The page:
This is a full-time (two years) position on Crick terms and conditions of employment.
The research group
Our group investigates the molecular details underlying autophagy in mammalian cells. Autophagy is fundamental to human health and for combating disease and infection. We are a diverse group of cell biologists, biochemists and structural biologists focusing on the protein-protein and protein-lipid networks underpinning this essential, highly conserved and medically important process of autophagy. We are experts in a variety of approaches from cell-based assays to biochemical structure-function approaches, both holistic and reductionist. Our goal is to attain a deeper, more complete understanding of the mechanisms which drive autophagosome formation and autophagy. Our work will contribute to efforts to develop strategies to control and manipulate autophagy in humans to combat disease.
Dr Tooze’s laboratory focuses on understanding autophagy in mammalian cells in particular the initial stages of autophagosome formation induced by amino acid starvation. This is a fascinating process of vesicle formation and membrane remodelling that requires immediate mobilization of both proteins and lipids in an orchestrated fashion. We study both the essential autophagy proteins (called ATG proteins), as well as the network of interactors underlying these complex membrane events. Our work employs modern cell biology techniques, biochemistry, state of the art light and electron microscopy, and structural approaches. It is anticipated that the successful applicant will become proficient in a number of these techniques, and in addition to the expertise within the lab, be supported and trained by the Francis Crick Institute Science technology platforms (STPs).
The research project aims to identify the initiation site of autophagosome membrane formation, (the phagophore), and will contribute to an ERC-funded research programme. As part of a team effort working on different stages of initiation, with a focus on ATG9A, the successful candidate will contribute to a mechanistic understanding of autophagosome initiation. Starting from a recently established Turbo-ID biotinylation proteomics approach, the successful candidate will address (but not be limited to) these specific aims:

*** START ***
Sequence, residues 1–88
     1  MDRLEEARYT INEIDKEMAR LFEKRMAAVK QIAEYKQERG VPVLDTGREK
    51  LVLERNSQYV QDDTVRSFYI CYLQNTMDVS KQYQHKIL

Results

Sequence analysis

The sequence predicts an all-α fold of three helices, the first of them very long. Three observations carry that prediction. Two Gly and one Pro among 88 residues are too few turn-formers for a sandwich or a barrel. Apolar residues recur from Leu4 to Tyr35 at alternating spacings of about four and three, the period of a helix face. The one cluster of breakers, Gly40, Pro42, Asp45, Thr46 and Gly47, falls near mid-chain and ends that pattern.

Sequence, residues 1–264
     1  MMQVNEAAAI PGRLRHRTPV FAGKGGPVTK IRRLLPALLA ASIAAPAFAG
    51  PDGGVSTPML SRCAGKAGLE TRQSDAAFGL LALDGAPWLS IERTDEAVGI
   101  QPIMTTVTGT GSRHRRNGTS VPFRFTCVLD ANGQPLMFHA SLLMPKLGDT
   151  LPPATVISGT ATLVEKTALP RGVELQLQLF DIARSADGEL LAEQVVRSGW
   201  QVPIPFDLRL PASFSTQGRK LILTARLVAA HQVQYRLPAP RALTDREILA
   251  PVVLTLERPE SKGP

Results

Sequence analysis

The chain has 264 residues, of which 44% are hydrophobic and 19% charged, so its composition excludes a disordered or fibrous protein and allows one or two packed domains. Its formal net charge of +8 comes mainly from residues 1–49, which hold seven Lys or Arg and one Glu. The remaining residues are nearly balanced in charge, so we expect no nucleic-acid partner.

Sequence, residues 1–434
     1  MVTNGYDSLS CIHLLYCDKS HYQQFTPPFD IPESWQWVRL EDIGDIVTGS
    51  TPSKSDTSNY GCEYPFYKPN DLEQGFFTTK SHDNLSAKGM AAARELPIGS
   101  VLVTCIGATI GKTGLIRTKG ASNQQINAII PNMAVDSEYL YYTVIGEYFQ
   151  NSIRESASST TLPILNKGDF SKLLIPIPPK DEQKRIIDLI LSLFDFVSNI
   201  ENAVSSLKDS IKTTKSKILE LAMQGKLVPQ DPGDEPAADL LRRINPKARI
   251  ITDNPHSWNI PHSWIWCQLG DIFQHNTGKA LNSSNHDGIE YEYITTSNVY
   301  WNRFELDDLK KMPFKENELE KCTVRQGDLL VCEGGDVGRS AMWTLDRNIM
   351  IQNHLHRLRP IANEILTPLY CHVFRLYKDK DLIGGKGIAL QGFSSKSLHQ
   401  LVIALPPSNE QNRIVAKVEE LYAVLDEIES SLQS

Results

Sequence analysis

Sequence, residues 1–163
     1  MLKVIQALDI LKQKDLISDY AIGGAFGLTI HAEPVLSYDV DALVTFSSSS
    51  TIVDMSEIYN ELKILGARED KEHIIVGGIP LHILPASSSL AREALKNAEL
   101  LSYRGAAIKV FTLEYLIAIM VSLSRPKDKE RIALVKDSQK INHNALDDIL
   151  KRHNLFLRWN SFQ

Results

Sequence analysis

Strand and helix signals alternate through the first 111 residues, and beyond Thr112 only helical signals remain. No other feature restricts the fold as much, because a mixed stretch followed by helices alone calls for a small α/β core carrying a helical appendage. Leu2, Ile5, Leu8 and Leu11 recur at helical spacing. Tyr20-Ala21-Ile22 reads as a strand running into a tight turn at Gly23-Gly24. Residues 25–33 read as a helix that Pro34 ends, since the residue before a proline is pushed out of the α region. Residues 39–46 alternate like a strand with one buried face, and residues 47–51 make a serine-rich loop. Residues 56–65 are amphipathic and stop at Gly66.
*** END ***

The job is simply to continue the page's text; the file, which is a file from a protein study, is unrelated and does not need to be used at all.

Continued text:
- Further development and validation of the Turbo-ID data with support from the Mass Spec and Bioinformatics STPs
- Functional understanding of candidate(s) required for phagophore formation
- Integrate validated candidate(s) into our mechanistic understanding of autophagosome formation and autophagy.
Project Research Scientists are expected to lead their own projects, contribute to other projects on a collaborative basis (both in the lab and with external collaborators). The ability to work in a team is essential.
Key experience and competencies
The post holder should embody and demonstrate our core Crick values: bold, imaginative, open, dynamic and collegial, in addition to the following:
- PhD in Biochemistry or Molecular Cell Biology or in the final stages of PhD submission
- Hands-on experience in biochemistry
- Good knowledge of, or experience in proteomic approaches
- Track record of writing papers as evidenced by publications or submitted manuscripts in refereed journals
- Evidence of data presentation at scientific meetings
- Excellent communication skills, particularly in communicating and developing testable hypotheses and quantitative concepts
- Ability to work independently and also capable of interacting within a group
- Demonstrate continuous integrity and positivity and motivate others to do the same.
- Hands-on experience in imaging cells, light microscopy or electron microscopy
- Relevant experience in vesicular, protein and lipid trafficking
- Experience with relevant software tools such as R, Python, or MATLAB as well as relevant machine learning frameworks
- Experience in statistical data analysis, and expertise in areas such as experimental design, linear/nonlinear models, data mining, Bayesian methods, and statistical learning